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Lackawanna city officials abruptly shut down a fire station on Abbott Road on Thursday morning in an effort to reduce spiraling overtime costs in the Fire Department.
The firehouse was closed after several firefighters scheduled to work called in sick.
Wednesday, Mayor Geoffrey M. Szymanski, Public Safety Director Dana J. Britton and Fire Chief Ralph J. Galanti had revised city policy regarding minimum staffing levels for the department.
In the past, if staffing fell below nine firefighters during a shift, due to illness or injuries, the city called in enough off-duty firefighters to bring the staffing level to nine. Now, those call-ins won't happen until staffing dips below seven firefighters.
Having seven firefighters on duty makes it impossible to staff all three firehouses, because at least three firefighters must be assigned to a pumper that goes out on a call.
The policy change follows a scathing State Comptroller's Office audit released in August that found the city had overpaid firefighters by more than $120,000 in wages and leave time over several years.
Szymanski, who is in his first year as mayor, began expressing alarm about the overtime back in March.
The city ended up spending $511,031 - or $211,000 more than it had allocated in its budget - on Fire Department overtime between August 2011 and July 2012.
Last month alone, the city spent $60,104 on firefighter overtime, and it paid out 856 hours of overtime in the most recent two-week pay period.
At the current rate, the city would end up spending more than $720,000 on overtime for the fiscal year.
"The last two-week pay period was borderline obscene, and we're only one month into our budget," the mayor said. "In that two-week time period, there were no fires."
The closing of the Abbott Road station was not permanent, and its reopening will be determined on a shift-by-shift basis, Britton said.
"When the firemen decide to come to work, then we reopen the fire hall," he said. "We have a tight budget, and it's only going to get tighter, and everybody has to realize things have to change. . The city can't afford 856 hours of overtime every two weeks."
But firefighters contended that closing the fire hall wasn't the answer to the overtime issue.
"Obviously, we're not in agreement with that because it raises the response time in, it could be, every part of the city," Lt. James J. Fino said. "And we're short on manpower as it is."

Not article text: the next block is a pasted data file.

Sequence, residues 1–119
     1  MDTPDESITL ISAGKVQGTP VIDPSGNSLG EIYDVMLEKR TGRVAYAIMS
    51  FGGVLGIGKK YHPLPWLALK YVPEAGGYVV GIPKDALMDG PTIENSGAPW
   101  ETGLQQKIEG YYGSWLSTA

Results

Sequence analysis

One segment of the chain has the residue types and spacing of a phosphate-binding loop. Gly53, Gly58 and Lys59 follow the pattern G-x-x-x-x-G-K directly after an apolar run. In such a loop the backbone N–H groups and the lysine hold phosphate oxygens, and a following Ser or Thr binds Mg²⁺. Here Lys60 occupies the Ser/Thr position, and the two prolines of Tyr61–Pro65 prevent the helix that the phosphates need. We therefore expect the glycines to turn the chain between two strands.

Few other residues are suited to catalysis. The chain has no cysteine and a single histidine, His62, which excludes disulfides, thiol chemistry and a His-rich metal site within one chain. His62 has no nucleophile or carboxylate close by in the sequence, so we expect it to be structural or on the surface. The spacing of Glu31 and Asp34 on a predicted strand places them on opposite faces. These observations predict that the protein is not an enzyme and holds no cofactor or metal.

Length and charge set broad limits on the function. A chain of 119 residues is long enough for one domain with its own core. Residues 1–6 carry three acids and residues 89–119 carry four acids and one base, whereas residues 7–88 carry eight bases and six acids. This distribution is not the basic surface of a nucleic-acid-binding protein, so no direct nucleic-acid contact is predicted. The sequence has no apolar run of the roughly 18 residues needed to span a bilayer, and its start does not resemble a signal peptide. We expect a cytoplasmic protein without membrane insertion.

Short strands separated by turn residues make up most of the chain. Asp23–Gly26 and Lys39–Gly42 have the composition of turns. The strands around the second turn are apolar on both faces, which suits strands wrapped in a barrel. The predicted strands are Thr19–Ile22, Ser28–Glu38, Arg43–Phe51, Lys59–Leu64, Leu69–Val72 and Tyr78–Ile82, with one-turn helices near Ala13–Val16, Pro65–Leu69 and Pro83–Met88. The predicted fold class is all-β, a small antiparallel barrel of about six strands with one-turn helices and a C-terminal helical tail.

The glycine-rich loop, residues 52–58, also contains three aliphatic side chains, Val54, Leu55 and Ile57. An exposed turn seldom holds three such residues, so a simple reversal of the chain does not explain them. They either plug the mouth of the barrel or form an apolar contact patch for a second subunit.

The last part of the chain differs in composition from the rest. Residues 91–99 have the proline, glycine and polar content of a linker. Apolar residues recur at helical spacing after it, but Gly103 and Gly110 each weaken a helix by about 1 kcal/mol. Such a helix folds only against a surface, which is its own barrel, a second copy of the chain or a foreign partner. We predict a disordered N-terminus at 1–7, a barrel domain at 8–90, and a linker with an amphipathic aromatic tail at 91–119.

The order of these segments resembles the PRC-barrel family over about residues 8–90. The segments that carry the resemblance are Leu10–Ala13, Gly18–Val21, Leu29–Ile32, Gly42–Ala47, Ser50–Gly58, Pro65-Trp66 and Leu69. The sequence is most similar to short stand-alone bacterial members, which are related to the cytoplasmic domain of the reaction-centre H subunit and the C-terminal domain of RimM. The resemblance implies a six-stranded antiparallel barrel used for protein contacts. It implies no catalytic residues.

Fino acknowledged that overtime in the department has "been a problem for some time." But, he said, the firefighters are being unfairly blamed for it, when city officials should be looking at themselves.
"We can't help the fact that guys get injured. We can't help the fact the city doesn't replace guys when they retire," Fino said.
The department has fewer firefighters handling the same workload that a larger department used to handle, and the chronic understaffing has led to more injuries, he added.
"Basically, 10 years ago, [city officials] said they'd rather pay the overtime than hire new guys," Fino said.
Britton said the closing of the station could affect response times in the city, but only minimally.
Stations have been closed temporarily in the past without problems, including most recently last December when a firehouse on South Park Avenue was shut down for more than a week for asbestos abatement, he added.
"It did touch on some response time, but our response time is still a lot better than in the surrounding communities," he said.
The city is due to get five new firefighters, who are currently in training. Four of those posts are being funded for two years with a federal grant from the Department of Homeland Security. The fifth firefighter will replace a recently retired firefighter.
City officials expect that the additional firefighters will help cut down on overtime. But Szymanski said the earliest that those savings will be realized is probably March, because the new firefighters will still be in training the next several months.
The overtime can't continue at its current pace, he said.
"We had to make an adjustment, and we had to make it quick," the mayor said.
The city does have the ability to permanently shut down a fire station and move to a seven-person complement, but Szymanski said he doesn't support that.
"I have zero intention of doing that," he said. "I just want this overtime to go away."

email: jtokasz@buffnews.com